Were you looking forward to Groundhog Day? I never take it too seriously, because no matter what the groundhog sees on February 2nd, winter in North Idaho will last as long as it pleases, usually between six and nine months. Kidding! Kind of. I might not be 100% in the #neversummer camp, but I do like my winters, and the snowier the better (otherwise, what’s the point?). Recently, though, I’ve become intrigued by the origins of Groundhog Day, when I realized it coincided with the pagan holiday Imbolc / Imbolg, or Brigid’s Day. It’s also known as Candlemas or the Festival of Lights. No matter what we call it, it is the halfway point between the winter solstice and the spring equinox, and was historically considered a powerful time of renewal and potential.
The most accepted etymology of the word Imbolc / Imbolg gives its meaning as “in the belly” or “of milk,” which refers to the stirrings of life in the womb of Mother Earth, or of more prosaic creatures like ewes. This time is notable as the beginning of the lactation of sheep and cattle (lambing season) and was extremely important for the Celts, as their society was heavily dependent on farming and dairy production. You might not be able to see spring yet, but the seeds are starting to germinate.
The fertility goddess Brigid has many aspects and goes by many names; she is Saint Brigid / Brigit to the Catholic Church, and as Brid or “Bride,” lends her patronage to women about to be married. Some ancient customs to honor and welcome Brigid include making her a bed and leaving her food and drink, as well as making Brigid’s crosses and dolls or pouring milk or cream into the earth. Lambing season begins, and hearth and home are celebrated, while the lighting of fires and candles represents purification and the return of the sun. Ritual cleansing is traditional, so this is an ideal time for spring cleaning! Or a makeover :)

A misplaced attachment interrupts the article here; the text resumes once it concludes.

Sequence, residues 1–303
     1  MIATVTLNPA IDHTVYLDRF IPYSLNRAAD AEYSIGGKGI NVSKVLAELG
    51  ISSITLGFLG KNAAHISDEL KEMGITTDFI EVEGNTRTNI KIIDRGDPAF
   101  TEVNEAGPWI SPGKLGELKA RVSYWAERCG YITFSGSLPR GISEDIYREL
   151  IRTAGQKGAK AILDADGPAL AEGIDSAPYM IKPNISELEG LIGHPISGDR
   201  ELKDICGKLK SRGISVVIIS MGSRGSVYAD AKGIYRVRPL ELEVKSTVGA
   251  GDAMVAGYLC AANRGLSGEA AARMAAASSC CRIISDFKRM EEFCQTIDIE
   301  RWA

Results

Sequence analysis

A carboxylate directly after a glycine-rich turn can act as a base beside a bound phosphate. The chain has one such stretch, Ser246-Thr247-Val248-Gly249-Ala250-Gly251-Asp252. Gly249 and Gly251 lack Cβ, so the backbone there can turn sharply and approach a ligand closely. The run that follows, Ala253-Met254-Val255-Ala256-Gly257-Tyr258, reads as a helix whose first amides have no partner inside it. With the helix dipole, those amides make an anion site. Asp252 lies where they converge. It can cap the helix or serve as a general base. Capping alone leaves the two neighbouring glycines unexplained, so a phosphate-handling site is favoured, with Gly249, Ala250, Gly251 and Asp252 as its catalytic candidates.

Humans have been trying to predict the end of winter for ages: “if Candlemas Day be bright and clear, there’ll be two winters in the year”* (an old British rhyme). But if you have a hard time seeing a groundhog as a reliable predictor of future weather patterns, there’s no need to rely on an overgrown rodent to lend meaning to this time of year. As long as winter may seem, and no matter what you believe, Punxsutawney Phil isn’t the only reason to celebrate the beginning of February!
Vanessa Velez - Collection Development Librarian
- Celebrate the Earth : a year of holidays in the pagan tradition by Laurie Cabot with Jean Mills (299 Cab 1994)
- The witches’ sabbats* by Mike Nichols (OverDrive)
- Brigid : history, mystery, and magick of the Celtic goddess by Courtney Weber (Hoopla)